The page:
My own saying when it comes to perfectionism is as follows:
That’s right – Perfectionism is a concept, not a reality.
It’s something many of us strive for, whether we realise it or not. We want, we need, things to be ‘just so’. Any less will result in anxiety, frustration, feelings of disappointment with the situation and with ourselves.
Are there positives to perfectionism? There are positives to goals and ideals because they make us work harder, give us some direction, maybe even motivate and inspire us. But none of that is really real when they don’t exist the way we imagine them to.
Perfection itself doesn’t exist. It’s a socially sculpted, socially defined concept.
We are always generating notions of perfection, aiming to reach them, berating ourselves when we don’t.
Nothing will ever be ‘exactly perfect’, and even if whatever it is goes to plan or you find yourself thinking something is close to perfect, the feeling is fleeting, hollow; it never feels the way you think it would.
Looking For Perfection
Perfection In The Smaller Things
We aim for these perfect ideals in the smallest of things – the way the bread is toasted ‘just right’, having a day out or our pre-made plans go smoothly just as you hope, how exact you get your duvet cover to fit. Those with OCD and anxiety will likely know the smaller things quite well and deal with the niggles they bring every day. They are endless. I think some of the smaller perfectionist issues likely come from our need for control, too.
Perfection In The Bigger Things
We aim for perfection in the bigger, more serious things too – the size and shape of our bodies, how our faces look, having the perfect relationships and careers.
We’ve been told time and time again what the perfect face looks like, how our bodies should look, what kinds of jobs are the most respectable, how much we should be earning, what we should and shouldn’t be eating, all of the things we should be doing in our lives if we want to be interesting and amazing people.
Perfection In Life’s Milestones
Society has taught us all too often that there are certain milestones to achieve by certain points in your life, such as when to get into a serious relationship, when to settle down, when to get a career, to move out, to get a mortgage and get married and have a child etc.
Perfection… Says Who?
But these are perfectionist, idealistic goals that don’t suit everyone. Not only that, but they’re simply ideas of what others think ‘should’ happen. Who cares? Who made up these rules and standards that we feel obliged to follow and to aim for?
If we don’t follow these rules and aim for these ideals and achieve such perfectionism, what happens? Are we not good enough as we are, are our lives not worth anything if we don’t join the gym and a book club, sip wine with a bunch of giggling friends in the evening, have a 10 year plan sketched out for when we’re hitting the next milestones, own our own swish apartment filled with expensive gadgets and brand label clothing afforded by our high-flying successful careers, while we stand in front of a mirror to think just how perfectly incredible we look? What if we don’t own the best, most expensive gadgets and clothing?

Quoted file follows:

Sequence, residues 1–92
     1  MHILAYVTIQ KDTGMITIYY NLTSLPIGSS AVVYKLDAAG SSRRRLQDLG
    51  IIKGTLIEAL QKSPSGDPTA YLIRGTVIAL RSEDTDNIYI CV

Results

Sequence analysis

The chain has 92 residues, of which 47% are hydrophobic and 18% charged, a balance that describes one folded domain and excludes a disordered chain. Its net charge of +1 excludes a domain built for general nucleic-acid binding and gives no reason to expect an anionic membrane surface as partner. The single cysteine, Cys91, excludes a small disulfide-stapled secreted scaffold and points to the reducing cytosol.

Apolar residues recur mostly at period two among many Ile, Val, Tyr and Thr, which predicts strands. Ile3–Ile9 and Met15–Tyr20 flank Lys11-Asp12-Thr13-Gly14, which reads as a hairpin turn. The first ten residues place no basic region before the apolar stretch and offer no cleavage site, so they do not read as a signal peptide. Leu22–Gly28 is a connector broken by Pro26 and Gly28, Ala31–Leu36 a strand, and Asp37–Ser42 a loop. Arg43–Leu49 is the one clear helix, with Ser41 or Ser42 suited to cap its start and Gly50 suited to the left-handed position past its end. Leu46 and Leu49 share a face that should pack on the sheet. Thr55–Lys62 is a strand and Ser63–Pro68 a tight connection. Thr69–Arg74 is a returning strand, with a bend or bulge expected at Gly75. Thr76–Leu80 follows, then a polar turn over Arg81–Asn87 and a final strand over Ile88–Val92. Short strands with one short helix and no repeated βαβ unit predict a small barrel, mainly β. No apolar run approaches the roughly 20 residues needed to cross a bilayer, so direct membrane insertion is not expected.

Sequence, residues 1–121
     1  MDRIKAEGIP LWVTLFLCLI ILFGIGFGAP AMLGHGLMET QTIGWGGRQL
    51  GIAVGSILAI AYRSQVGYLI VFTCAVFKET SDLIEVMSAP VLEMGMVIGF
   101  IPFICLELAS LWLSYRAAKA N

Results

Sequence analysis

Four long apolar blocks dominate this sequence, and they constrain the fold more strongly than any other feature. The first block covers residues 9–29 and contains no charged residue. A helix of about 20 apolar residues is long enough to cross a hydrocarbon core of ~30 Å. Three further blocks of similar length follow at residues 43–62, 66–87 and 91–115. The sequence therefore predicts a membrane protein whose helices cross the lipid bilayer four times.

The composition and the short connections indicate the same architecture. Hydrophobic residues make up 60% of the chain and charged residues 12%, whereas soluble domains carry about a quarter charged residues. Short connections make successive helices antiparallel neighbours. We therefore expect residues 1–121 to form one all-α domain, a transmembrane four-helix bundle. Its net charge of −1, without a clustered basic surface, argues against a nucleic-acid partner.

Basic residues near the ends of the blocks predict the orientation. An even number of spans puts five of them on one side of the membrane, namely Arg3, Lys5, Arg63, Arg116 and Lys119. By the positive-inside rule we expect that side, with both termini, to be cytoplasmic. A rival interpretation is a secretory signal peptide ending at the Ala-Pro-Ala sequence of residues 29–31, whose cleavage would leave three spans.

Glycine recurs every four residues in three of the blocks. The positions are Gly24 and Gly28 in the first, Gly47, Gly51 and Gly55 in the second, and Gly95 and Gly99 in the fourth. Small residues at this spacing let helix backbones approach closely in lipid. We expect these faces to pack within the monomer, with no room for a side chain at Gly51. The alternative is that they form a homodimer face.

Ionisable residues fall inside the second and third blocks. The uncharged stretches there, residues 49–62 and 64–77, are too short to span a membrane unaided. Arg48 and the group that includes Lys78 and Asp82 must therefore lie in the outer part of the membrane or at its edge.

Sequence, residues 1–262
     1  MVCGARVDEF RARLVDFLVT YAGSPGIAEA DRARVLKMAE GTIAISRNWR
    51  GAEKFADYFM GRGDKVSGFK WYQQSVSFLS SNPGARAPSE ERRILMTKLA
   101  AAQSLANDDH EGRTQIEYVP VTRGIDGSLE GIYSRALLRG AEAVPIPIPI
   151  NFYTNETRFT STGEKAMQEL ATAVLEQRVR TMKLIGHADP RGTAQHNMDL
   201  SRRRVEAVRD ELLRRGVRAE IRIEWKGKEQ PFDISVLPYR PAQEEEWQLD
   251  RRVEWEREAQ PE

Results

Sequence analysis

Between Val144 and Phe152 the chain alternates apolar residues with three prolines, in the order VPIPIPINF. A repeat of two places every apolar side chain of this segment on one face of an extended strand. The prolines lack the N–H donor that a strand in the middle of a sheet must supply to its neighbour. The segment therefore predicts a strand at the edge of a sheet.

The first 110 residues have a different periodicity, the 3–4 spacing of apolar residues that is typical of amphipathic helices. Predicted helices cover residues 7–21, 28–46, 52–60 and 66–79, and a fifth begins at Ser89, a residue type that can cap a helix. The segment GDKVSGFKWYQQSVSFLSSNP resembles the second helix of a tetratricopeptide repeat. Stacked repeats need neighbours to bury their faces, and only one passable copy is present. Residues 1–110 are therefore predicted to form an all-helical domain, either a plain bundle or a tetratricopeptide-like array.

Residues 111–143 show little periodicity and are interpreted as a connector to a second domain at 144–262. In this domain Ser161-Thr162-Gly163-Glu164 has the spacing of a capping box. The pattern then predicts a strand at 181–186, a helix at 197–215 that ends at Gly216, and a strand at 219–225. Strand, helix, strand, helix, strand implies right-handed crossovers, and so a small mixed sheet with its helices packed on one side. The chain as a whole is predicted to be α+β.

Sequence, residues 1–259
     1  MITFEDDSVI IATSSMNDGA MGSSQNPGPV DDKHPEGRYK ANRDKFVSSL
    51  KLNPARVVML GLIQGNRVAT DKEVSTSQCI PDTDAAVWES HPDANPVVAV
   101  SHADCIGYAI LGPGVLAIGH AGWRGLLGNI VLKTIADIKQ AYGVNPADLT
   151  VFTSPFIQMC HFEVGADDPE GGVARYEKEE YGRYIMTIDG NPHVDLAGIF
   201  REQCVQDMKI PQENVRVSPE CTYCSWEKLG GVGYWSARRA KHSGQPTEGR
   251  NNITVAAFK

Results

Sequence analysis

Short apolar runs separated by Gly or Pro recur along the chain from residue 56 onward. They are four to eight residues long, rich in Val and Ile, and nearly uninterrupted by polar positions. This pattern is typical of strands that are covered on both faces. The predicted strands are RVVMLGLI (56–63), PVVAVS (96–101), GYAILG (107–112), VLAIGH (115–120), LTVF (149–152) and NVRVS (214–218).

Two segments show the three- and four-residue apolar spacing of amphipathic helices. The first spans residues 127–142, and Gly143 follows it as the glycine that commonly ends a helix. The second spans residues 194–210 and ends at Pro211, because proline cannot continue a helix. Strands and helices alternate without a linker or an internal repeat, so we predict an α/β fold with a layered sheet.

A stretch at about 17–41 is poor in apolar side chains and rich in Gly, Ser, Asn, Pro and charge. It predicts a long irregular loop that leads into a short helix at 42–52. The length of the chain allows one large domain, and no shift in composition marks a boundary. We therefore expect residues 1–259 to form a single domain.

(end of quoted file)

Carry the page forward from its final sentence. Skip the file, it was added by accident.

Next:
What if our bread isn’t perfectly toasted on both sides? What if we miss a spot when we clean the kitchen and our duvet covers are a mess and our skin has breakouts and our hair doesn’t swish like in the L’Oreal adverts? What if, no matter how much we plan and try to control our days, things never quite go the way we want them to?
Whatever we do when we aim for perfection, it will never be enough.
Whenever we try to meet someone else’s rules and ideals, we will feel as though we fall short.
The more our anxiety notches up over trying to be perfect, the more pressure there is on us, the more stressed we feel. The desire for perfect starts to affect every part of your life and before you know it you’re living just to achieve something you don’t have and are constantly striving for things to be ‘just so’.
You’ll never appreciate yourself, your life, and the big and little things in it, while you’re doing this.
What happens when you don’t reach the ideals?
Nothing too drastic, if you can do away with the self-judgement. The world won’t end, you won’t change as a person, no curse will be cast upon you. The world keeps turning and your heart keeps beating.
Maybe it’s time we loosen the ropes a little, let go of the ideals and the concept of perfection. Dealing with an invisible / chronic illness is difficult enough, don’t add striving for ideals to your struggles.
Working on anxiety to calm the niggles of the smaller perfectionist issues is a hard thing to do, but take it day by day. Remember that you are bigger than those things, and that the world won’t fall apart if things aren’t quite ‘perfect’.
When it comes to the bigger perfectionist issues and the standards society sets, I think it’s time to say ‘enough’. Set your own goals and standards, and be answerable only to yourself. Pave your own path and live your own life because you’re the only one who can.